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Why do we have different music file types?

By bedlam_4
Jun 30, 2002
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  1. Why do we have different music file types?
  2. StormBringer

    StormBringer TS Rookie Posts: 2,871

    There are as many reasons as there are different types. The best explanation is progress. Most music file types were created as an improvement. Either being better quality or smaller than earlier types, or a combination of the two. Other reasons are that some were created on different platforms like the Amiga and rather than going through the trouble of converting the files to a Windows format, it was easier to create support for those files in programs that were already on the Windows platform. There are many other reasons but those are probably the best reasons and the easiest to explain.
  3. bedlam_4

    bedlam_4 TS Rookie Topic Starter Posts: 182

    Right on. I'm starting to get this now. So wma is the file type associated with media player and wav must be win amp. So what is mp3? A generic type? I opened music match jukebox and saw the convert option. I opened that up and tried to convert some of my wma files. I highlighted the files and hit the drop down menu. I wasn't given any choices though
    :confused: . I can convert wma files into wma files. I'm gonna play with that somemore. At least i'm making some progress.
  4. MrGaribaldi

    MrGaribaldi TechSpot Ambassador Posts: 2,802

    .wav is uncompressed music... It was included with windows from 3.x series (if not allready in dos, that I can't remember)...
    They take up much space, which is why we have other formats....

    WMA is M$'s own standard, which gives a better compression than .wav without loosing too much quality..

    .mp3 is another way of compressing music, developed by Frauenhofer afaik... they started charging for it, and mp3pro, which gave rise to

    Ogg Vobis... A free format, though not widely adopted yet...

    You also have .mid/.midi which is synthesized music... It was used widely in games in the early/mid 90'ties...

    Then there are .xm and .it, which are other ways of creating synthesized music, much used by programs like fasttrack and the like in the early 90'ties...

    All formats have either been improvments on older formats, or been created by companies to make money/control music business... (Like .wma)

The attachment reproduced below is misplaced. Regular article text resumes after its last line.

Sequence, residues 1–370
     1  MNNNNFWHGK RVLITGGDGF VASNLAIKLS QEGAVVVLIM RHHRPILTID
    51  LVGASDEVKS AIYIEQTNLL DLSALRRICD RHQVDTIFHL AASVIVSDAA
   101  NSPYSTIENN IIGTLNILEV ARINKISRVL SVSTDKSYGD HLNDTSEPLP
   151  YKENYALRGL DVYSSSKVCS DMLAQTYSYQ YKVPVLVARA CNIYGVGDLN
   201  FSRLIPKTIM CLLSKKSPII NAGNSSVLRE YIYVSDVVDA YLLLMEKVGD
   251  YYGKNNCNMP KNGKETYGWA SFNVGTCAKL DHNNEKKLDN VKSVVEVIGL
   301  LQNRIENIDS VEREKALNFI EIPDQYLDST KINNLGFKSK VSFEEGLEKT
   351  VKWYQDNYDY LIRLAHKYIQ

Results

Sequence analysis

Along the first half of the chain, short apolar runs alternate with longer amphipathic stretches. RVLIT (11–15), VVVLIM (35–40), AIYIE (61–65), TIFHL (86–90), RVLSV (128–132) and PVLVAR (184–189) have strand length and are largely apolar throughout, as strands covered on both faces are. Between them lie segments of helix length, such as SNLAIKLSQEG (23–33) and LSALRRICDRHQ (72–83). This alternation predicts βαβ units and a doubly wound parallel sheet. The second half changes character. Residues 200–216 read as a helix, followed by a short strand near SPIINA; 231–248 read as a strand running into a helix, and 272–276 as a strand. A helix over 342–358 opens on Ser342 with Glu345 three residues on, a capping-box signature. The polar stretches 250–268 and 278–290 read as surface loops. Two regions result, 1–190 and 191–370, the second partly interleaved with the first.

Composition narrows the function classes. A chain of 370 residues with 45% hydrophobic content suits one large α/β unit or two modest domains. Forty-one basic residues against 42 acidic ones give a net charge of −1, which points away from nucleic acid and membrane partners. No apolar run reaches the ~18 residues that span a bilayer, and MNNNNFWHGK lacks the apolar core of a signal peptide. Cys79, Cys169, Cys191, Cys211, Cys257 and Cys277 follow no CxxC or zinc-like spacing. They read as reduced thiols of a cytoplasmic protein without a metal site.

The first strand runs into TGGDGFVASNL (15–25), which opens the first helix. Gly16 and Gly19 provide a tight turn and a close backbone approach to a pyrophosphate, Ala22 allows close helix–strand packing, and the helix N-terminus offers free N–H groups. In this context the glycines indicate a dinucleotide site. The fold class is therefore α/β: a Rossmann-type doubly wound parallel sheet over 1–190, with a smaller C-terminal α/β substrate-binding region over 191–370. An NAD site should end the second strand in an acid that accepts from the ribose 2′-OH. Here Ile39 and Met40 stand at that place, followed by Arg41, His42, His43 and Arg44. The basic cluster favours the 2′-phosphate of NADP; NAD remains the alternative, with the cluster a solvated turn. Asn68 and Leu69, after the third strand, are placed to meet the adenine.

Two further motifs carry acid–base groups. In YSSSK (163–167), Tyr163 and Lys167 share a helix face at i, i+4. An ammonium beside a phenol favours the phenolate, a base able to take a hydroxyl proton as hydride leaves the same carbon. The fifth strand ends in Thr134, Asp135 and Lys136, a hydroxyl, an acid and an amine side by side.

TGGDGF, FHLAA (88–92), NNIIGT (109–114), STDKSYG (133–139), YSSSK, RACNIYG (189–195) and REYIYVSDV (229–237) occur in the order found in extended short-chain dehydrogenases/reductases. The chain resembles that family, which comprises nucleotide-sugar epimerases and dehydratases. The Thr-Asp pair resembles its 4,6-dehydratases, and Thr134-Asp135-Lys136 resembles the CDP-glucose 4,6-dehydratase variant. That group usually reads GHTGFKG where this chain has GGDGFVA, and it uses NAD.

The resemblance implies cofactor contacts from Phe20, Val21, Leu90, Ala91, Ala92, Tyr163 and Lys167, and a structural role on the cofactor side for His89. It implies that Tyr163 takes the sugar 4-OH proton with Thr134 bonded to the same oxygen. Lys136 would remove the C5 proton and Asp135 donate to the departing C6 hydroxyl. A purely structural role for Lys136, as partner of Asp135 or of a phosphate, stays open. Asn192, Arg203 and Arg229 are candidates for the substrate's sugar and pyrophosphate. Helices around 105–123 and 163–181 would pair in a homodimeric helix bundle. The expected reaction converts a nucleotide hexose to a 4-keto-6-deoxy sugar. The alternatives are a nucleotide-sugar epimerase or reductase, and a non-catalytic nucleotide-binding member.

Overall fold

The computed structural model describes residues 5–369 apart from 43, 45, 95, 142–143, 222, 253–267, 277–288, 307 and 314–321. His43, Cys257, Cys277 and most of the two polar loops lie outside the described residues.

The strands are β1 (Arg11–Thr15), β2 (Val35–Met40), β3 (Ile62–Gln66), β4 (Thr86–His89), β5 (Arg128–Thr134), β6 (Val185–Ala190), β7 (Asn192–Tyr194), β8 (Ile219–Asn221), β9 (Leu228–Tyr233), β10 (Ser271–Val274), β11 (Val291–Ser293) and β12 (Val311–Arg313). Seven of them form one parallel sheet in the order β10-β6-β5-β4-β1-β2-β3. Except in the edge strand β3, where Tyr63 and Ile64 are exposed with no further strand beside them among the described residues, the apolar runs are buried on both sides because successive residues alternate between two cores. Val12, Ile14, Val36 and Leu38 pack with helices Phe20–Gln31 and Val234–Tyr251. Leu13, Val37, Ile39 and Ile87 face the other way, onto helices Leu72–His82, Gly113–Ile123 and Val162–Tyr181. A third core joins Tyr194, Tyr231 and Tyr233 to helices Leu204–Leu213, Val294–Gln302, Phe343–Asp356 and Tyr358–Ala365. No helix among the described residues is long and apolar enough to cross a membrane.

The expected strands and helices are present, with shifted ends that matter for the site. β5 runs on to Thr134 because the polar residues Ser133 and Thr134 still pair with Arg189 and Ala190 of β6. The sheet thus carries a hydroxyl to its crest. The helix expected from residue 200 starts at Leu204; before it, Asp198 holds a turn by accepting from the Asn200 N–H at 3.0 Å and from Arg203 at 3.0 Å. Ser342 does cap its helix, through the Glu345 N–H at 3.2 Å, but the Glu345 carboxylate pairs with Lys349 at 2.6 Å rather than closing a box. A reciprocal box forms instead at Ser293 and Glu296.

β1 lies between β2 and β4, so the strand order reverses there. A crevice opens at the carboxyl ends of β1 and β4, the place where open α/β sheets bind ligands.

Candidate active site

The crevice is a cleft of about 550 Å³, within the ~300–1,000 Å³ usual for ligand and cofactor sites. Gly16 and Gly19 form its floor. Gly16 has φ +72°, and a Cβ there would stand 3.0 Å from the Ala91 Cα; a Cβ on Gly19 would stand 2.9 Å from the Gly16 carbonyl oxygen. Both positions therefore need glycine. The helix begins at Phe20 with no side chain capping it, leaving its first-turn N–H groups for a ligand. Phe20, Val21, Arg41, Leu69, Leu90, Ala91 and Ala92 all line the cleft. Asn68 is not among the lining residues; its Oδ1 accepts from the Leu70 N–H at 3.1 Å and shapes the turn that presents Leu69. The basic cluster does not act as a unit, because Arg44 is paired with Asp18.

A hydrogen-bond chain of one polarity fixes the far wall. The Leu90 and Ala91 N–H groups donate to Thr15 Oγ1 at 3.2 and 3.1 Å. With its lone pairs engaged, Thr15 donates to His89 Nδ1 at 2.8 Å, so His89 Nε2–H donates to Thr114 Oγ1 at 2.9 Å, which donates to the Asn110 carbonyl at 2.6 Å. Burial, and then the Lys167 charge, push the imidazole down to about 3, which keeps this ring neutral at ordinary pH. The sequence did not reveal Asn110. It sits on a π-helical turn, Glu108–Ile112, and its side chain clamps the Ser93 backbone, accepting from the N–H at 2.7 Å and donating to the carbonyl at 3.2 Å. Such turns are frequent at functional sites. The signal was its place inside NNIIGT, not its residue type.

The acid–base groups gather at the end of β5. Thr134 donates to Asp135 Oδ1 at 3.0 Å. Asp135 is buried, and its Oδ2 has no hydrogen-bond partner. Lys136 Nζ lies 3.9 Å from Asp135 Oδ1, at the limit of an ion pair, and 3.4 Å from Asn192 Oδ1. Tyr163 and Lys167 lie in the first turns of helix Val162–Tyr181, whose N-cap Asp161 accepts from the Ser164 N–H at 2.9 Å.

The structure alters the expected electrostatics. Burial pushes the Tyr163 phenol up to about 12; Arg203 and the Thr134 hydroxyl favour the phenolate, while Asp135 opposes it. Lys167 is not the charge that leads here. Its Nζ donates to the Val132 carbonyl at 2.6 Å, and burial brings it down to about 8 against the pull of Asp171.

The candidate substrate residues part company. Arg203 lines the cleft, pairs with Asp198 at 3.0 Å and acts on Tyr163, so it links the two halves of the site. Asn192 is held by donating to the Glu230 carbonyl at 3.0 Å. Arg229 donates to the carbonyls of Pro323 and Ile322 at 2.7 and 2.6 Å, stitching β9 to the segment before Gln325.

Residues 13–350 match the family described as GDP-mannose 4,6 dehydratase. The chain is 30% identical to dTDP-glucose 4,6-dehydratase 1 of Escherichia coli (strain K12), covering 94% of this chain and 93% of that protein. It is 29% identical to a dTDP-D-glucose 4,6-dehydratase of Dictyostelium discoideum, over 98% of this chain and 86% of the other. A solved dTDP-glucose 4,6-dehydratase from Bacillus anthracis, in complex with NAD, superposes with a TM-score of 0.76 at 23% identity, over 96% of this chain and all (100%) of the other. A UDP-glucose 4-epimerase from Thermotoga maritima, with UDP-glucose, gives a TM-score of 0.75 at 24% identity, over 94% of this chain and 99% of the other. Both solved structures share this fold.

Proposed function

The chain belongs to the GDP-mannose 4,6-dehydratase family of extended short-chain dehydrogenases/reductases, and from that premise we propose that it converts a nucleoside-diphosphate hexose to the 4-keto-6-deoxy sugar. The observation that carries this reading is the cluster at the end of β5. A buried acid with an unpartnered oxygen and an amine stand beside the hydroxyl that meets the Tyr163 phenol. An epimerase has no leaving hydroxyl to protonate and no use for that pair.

5. StormBringer

    StormBringer TS Rookie Posts: 2,871

    wma was MS answer to mp3, the wma gave good compression without losing qualit but also added th option to protect the music.

    .xm, .it, .s3m and many others which use mod tracker or the now abandoned DOS program Fasttracker were originally used by early multimedia buffs and many of those filetypes referred to as modules or mods, actually appeared sometime in the 80's on the Amiga platform. The mod music type is probably the most interesting of all of them because with the proper tracking software and a little practice you can easily create your own music by extracting instruments from other modules and using them. It is kinda like using an electronic keyboard with instrument presets but the learning curve isn't as steep.
  6. SNGX1275

    SNGX1275 TS Forces Special Posts: 12,531   +301

    Right on the first part. Winamp though is just a freeware audio player for windows (and now mac?), winamp like several other audio players for windows can play many many different audio formats, and even more if you get seperate plugins. Winamp people did not develop *.wav, its just a common audio type that Winamp can play.
    As for converting wma to wma, didn't know you could do this, but I'd imagine that if you can you can just change the bitrate of it.
    Bitrate is just the amount of bits per second (generally - although I suppose you could change the timeframe). So the higher the bitrate the higher the quality sound in that audio file (as long as you keep the file type the same).
  7. dylman

    dylman TS Rookie

    A few points to note, in addition to those made above:

    A very good place to go for comparison of audio formats is http://www.hydrogenaudio.org. The forums there include discussions by the developers of the various lossy/lossless formats and is an excellent resource, if a bit on the audiophile+technical side.

    WMA is a vastly inferior format which should be avoided at all costs. See above for evidence.

    Transcoding from one format to another (ie mp3 to wma, wma to mp3, mp3 to ogg, wma to wma, mp3 to mp3, ogg to wma etc etc) is a very] bad idea as it will lead to very noticeable losses in quality. Always re-encode from the source (CD, wav etc) for optimum quality.

    Ogg Vorbis went gold recently. It is a patent free, open source replacement for mp3 and is highly recommended.
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